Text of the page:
2018: Advances in Marine Biology
Jackie King, Gordon A McFarlane, Vladlena Gertseva, Jason Gasper, Sean Matson, Cindy A Tribuzio
For over 100 years, sharks have been encountered, as either directed catch or incidental catch, in commercial fisheries throughout the Northeast Pacific Ocean. A long-standing directed fishery for North Pacific Spiny Dogfish (Squalus suckleyi) has occurred and dominated shark landings and discards. Other fisheries, mainly for shark livers, have historically targeted species including Bluntnose Sixgill Shark (Hexanchus griseus) and Tope Shark (Galeorhinus galeus). While incidental catches of numerous species have occurred historically, only recently have these encounters been reliably enumerated in commercial and recreational fisheries...
2017: Advances in Marine Biology
Michael Grassmann, Bryan McNeil, Jim Wharton
The role of public aquariums in promoting conservation has changed substantially over the decades, evolving from entertainment attractions to educational and research centres. In many facilities, larger sharks are an essential part of the collection and represent one of the biggest draws for the public. Displaying healthy elasmobranchs comes with many challenges, but improvements in husbandry techniques have enabled aquariums to have success with a variety of species. The establishment of organisations such as the Association of Zoos and Aquariums, and the completion of texts like the Elasmobranch Husbandry Manual, has helped set high standards of care for sharks in captivity and promoted international conservation efforts...
2017: Advances in Marine Biology
Dovi Kacev, Timothy J Sippel, Michael J Kinney, Sebastián A Pardo, Christopher G Mull
Elasmobranchs play critically important ecological roles throughout the world's oceans, yet in many cases, their slow life histories and interactions with fisheries makes them particularly susceptible to exploitation. Management for these species requires robust scientific input, and mathematical models are the backbone of science-based management. In this chapter, we provide an introductory overview of the use of mathematical models to estimate shark abundance. First, we discuss life history models that are used to understand the basic biology of elasmobranchs...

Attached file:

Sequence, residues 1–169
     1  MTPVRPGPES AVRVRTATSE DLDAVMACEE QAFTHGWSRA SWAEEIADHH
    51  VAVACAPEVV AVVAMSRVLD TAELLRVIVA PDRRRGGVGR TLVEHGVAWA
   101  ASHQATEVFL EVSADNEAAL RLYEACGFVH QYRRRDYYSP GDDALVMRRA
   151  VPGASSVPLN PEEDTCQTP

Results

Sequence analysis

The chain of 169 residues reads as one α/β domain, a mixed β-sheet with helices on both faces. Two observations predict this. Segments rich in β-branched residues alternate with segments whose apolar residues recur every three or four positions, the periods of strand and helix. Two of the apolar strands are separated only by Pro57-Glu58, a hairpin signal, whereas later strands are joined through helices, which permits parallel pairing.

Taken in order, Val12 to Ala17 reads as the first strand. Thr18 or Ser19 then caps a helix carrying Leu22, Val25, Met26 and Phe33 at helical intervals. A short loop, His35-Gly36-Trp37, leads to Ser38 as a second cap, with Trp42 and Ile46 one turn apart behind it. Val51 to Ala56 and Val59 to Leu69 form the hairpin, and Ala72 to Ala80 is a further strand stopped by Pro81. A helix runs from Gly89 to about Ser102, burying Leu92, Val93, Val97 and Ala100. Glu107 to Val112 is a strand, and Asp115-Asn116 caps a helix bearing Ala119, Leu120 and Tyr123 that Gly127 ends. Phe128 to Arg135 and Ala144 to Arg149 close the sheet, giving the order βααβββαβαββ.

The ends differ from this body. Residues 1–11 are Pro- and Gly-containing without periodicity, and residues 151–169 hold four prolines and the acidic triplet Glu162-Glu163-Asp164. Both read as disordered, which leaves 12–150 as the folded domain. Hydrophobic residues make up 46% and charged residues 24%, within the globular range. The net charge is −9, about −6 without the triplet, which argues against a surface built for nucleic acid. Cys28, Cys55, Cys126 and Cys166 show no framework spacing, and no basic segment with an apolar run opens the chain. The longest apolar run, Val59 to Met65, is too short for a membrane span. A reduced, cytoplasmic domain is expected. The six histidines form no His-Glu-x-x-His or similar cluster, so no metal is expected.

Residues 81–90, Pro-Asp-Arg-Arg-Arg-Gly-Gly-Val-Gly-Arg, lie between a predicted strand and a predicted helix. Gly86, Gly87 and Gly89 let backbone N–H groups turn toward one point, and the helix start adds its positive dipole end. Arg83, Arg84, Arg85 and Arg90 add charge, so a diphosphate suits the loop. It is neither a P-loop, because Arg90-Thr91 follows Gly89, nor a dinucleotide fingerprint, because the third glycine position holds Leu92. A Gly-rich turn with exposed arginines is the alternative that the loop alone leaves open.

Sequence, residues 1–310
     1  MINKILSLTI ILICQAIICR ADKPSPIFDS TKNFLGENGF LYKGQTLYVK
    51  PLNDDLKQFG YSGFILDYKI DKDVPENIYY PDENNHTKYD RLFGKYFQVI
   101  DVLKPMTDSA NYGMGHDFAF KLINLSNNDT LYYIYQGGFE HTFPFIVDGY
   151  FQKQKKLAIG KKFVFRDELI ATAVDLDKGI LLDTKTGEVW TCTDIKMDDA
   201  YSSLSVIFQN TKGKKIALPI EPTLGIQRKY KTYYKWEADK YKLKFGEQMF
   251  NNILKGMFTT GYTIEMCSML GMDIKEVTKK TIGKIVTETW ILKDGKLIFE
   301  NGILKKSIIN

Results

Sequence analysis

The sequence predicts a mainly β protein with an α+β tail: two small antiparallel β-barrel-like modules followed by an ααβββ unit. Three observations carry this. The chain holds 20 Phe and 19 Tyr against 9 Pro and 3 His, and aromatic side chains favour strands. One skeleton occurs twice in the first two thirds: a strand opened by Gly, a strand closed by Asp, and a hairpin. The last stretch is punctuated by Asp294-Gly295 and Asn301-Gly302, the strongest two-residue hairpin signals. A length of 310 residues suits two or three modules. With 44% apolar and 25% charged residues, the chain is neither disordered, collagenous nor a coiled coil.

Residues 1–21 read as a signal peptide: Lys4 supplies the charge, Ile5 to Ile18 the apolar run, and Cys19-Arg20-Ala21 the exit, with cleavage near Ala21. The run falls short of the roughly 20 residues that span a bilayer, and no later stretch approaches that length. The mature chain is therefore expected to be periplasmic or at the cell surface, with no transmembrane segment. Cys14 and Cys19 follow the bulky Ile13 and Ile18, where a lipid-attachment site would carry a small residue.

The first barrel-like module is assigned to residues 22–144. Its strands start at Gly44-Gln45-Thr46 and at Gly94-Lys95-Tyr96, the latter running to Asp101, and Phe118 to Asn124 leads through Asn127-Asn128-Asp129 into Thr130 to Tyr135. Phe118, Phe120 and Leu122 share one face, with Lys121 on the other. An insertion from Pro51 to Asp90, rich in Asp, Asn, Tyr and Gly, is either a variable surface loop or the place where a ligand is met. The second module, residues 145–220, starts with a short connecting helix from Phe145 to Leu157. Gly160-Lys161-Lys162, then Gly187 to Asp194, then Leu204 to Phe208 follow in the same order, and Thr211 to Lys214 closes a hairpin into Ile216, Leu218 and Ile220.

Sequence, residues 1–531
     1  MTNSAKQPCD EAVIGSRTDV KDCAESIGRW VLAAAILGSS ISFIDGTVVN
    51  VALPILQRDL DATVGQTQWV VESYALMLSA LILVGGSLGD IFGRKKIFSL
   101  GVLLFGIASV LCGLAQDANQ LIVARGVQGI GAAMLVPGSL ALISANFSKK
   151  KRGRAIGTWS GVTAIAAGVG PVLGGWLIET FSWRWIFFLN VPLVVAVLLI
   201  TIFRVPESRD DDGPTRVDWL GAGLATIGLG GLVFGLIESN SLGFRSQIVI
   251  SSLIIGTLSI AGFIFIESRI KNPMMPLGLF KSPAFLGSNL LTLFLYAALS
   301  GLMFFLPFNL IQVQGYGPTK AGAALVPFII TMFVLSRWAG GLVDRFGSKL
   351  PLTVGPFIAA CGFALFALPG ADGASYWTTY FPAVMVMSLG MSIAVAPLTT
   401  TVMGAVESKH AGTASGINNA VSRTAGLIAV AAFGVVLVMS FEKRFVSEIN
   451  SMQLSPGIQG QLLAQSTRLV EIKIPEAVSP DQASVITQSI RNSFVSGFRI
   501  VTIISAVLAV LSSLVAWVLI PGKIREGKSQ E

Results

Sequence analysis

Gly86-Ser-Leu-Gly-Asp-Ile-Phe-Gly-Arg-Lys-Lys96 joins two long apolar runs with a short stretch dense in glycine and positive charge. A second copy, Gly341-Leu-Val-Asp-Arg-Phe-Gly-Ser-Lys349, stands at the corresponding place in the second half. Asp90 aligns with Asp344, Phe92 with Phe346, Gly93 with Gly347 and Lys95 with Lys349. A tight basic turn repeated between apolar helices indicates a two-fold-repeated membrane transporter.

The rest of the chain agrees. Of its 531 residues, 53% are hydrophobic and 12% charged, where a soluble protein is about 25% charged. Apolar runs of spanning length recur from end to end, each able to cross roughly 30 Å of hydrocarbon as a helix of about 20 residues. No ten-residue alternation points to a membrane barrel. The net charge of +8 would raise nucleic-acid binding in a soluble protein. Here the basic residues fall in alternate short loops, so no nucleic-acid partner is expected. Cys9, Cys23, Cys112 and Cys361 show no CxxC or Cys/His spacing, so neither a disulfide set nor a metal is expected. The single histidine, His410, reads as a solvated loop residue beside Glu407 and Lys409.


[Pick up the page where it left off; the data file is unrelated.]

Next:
2017: Advances in Marine Biology
Dayv Lowry
Human interactions with sharks in the Northeast Pacific Ocean (NEP) have occurred for millennia but were largely limited to nearshore encounters as target and nontarget catch in fisheries. The arrival of Spanish explorers in the mid-1500s, followed by subsequent waves of explorers and colonizers from Europe and Russia, did little to change this relationship, until the mid-1800s. As technological advances conferred the ability to exploit marine fish further offshore and in deeper water, substantial fisheries developed and many of these encountered, and sometimes directly targeted, sharks...
2017: Advances in Marine Biology
Peter A Mieras, Chris Harvey-Clark, Michael Bear, Gina Hodgin, Boone Hodgin
Historically sharks have been seen either as a source of income through harvesting, or as a nuisance and danger. The economic value of sharks has traditionally been measured as the total value of sharks caught for liver oil, fins, or meat for consumption. Sharks have also been killed to near extinction in cases where they were seen as a threat to fisheries on other species. This is illustrated by the mass extermination of Basking Sharks (Cetorhinus maximus) in British Columbia. They were seen as a nuisance to fishermen as they got entangled in gill nets during the salmon fishing season...
2017: Advances in Marine Biology
Shawn E Larson, Dayv Lowry
Sharks are iconic, sometimes apex, predators found in every ocean. Because of their ecological role as predators and concern over the stability of their populations, there has been an increasing amount of work focused on shark conservation around the world in recent decades. The populations of sharks that reside in the Northeast Pacific (NEP) Ocean bordering the west coast of the United States reside in one of the most economically and ecologically important oceanic regions in the world. Volume 78 of Advances in Marine Biology (AMB) is a companion to Volume 77, which focused primarily on NEP shark biodiversity, organismal biology, and ecology...
2017: Advances in Marine Biology